By James Clingman
Dudley Randall’s poem, “It seems to me, said Booker T, I disagree, said W.E.B.” points out an issue that has plagued Black folks for generations. During Booker T’s time, some Blacks said he was working “for the man” as he tried to build an economic foundation for his people via education, industrial training, self-help, and business principles. W.E.B. DuBois said Washington’s program came along “at the correct psychological moment,” but he ended up being Booker T’s antagonist because Black people began to choose sides. Rather than take the best of both of those giants, we succumbed to the “divide and conquer” syndrome.
In 1915, Marcus Garvey decided to come to this country to meet with Booker T., who died before Garvey’s arrival. But, the naysayers and detractors soon started dividing the people again, pitting DuBois against Garvey instead of taking the best of what both offered and working toward our collective uplift.
Since then, we have seen similar scenarios played out, such as Malcolm and Martin, Stokely and Martin, Al and Jesse, Tupac/Biggie/Knight/Dogg and all that madness, Eddie Long and Al Sharpton, Smiley/West and Dyson/Harris-Perry, and the list goes on. It’s not that we should agree on everything; that would create a bunch of robots. We should, however, have enough sense and knowledge of the past and the present to deal with our personal disagreements in private while moving collectively and publicly toward one goal. Could our penchant for one-ups-man-ship be attributed to another syndrome called, the “HNIC,” as described in Norman Kelley’s excellent book of the same name?
All the silliness, rancor, redundancy, and, yes, jealousy among our people are both unnecessary and divisive. I recall when George Bush attended the 2003 Urban League convention but dissed the NAACP’s meeting. Marc Morial and Kweisi Mfume were at the helms of those two organizations, and the feathers started to fly about what George Bush did. More importantly, our folks began to take sides because Bush decided he would deal with Morial rather than the fiery Mfume.
As long as we, both individually and organizationally, are fighting one another and choosing sides, as if we are on different teams, our economic empowerment will always be an illusory, quixotic, and romanticized state of mind rather than a substantive realization.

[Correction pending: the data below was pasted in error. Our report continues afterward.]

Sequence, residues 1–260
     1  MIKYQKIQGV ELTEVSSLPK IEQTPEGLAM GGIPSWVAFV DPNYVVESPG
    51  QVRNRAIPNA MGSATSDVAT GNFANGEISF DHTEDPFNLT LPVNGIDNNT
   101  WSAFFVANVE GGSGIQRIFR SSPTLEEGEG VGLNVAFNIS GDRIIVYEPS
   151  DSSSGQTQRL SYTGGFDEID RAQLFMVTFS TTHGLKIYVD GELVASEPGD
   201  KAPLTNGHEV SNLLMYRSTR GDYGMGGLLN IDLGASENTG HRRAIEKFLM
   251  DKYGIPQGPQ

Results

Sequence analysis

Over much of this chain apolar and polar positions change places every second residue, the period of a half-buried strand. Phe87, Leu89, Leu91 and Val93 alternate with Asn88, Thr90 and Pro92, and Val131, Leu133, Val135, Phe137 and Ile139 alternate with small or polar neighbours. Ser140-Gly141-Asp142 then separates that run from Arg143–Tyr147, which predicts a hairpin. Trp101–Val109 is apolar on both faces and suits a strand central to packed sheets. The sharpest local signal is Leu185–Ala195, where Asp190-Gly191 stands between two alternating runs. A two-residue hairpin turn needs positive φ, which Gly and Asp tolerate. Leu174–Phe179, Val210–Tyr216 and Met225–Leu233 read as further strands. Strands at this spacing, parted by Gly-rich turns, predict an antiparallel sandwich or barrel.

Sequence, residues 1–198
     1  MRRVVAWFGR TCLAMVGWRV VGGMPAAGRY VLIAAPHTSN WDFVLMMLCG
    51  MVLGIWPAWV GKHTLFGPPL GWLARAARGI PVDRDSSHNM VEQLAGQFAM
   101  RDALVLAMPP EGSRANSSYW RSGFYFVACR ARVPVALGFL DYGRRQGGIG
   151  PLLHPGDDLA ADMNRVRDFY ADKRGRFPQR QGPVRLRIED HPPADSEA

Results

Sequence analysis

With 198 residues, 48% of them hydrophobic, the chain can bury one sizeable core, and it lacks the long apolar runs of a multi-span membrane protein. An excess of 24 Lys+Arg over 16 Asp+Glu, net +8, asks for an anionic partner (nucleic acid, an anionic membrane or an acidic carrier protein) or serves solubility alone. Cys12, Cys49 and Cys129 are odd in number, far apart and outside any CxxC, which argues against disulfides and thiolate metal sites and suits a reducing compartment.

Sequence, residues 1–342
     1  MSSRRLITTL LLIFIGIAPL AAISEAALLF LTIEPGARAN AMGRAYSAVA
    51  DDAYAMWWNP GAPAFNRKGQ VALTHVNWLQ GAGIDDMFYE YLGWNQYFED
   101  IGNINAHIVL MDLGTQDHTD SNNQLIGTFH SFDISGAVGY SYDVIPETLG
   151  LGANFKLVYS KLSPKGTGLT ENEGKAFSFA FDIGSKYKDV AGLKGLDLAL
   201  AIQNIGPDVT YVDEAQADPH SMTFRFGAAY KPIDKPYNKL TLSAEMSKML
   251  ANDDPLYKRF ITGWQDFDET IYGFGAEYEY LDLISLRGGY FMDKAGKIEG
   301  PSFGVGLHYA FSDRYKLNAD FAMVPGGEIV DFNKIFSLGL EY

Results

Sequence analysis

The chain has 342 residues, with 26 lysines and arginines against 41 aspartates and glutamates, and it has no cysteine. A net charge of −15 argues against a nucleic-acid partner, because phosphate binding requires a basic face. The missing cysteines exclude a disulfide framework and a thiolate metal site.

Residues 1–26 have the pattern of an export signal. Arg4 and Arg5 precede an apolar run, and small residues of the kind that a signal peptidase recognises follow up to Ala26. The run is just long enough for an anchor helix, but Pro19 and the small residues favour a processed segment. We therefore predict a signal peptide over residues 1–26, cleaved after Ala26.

In my hometown of Cincinnati, Ohio, our NAACP branch will be 100 years old in 2015. Under its current leadership over the past seven years, we have advanced from a fledgling 400 or so membership base and a tenuous financial position, to a 2,400 membership base and a long-term and stable financial position. We have also built strong, mutually beneficial, broad-based relationships – unprecedented in the history of this branch.
Around the first part of this year, 98 years after the founding of Cincinnati branch of the NAACP, a local chapter of the National Action Network (NAN) was established. Some say it was simply an effort to “compete” and make irrelevant the NAACP and its president, who overwhelmingly defeated his opposition candidate last November. Idiocy has prevailed since then, mainly because of a few malcontents and sore losers who “don’t like” the NAACP president and are desperately trying to bring him down. At the same time, the images of our two organizations are being dragged through the mud on, of all places, a “Black” radio station. How stupid is that?
The new president of the NAN chapter has not had the common courtesy to contact the leader of the NAACP branch to explore ways to cooperate and move forward on common agenda items. Rather, he has operated under the guise of “neutrality,” knowing all along that the main intentions of many of his founding members are divisiveness, rancor, adversity, and ultimate destruction of the NAACP branch – unless they can take it over. Their feeble attempts and bully tactics will not work. Still, it is sad to see a few jealous, envious, and spoiled Black folks attempt to stymy and negate the tremendous progress made in this town over the past seven years via the NAACP.
My use of Al Sharpton and Ben Jealous in the title of this article is just a generic representation of how some of our people have and continue to make Randall’s W.E.B./Booker T. poem relevant today. Al and Ben may disagree on some issues, but they are not trying to tear each other down.
Our penchant for choosing sides and trying to destroy the opposite side is detrimental to our progress. Whether we like it or not, we are all on the same team; and like on any sports team, the best players are starters and the less accomplished ones are benchwarmers. Yes, some on the bench may secretly hope for the demise of a starter so they can get into the game, but at least they are not sitting there outwardly booing their own team in order to get their chance to play.
Jim Clingman, founder of the Greater Cincinnati African American Chamber of Commerce, is the nation’s most prolific writer on economic empowerment for Black people. He is an adjunct professor at the University of Cincinnati and can be reached through his Web site, blackonomics.com.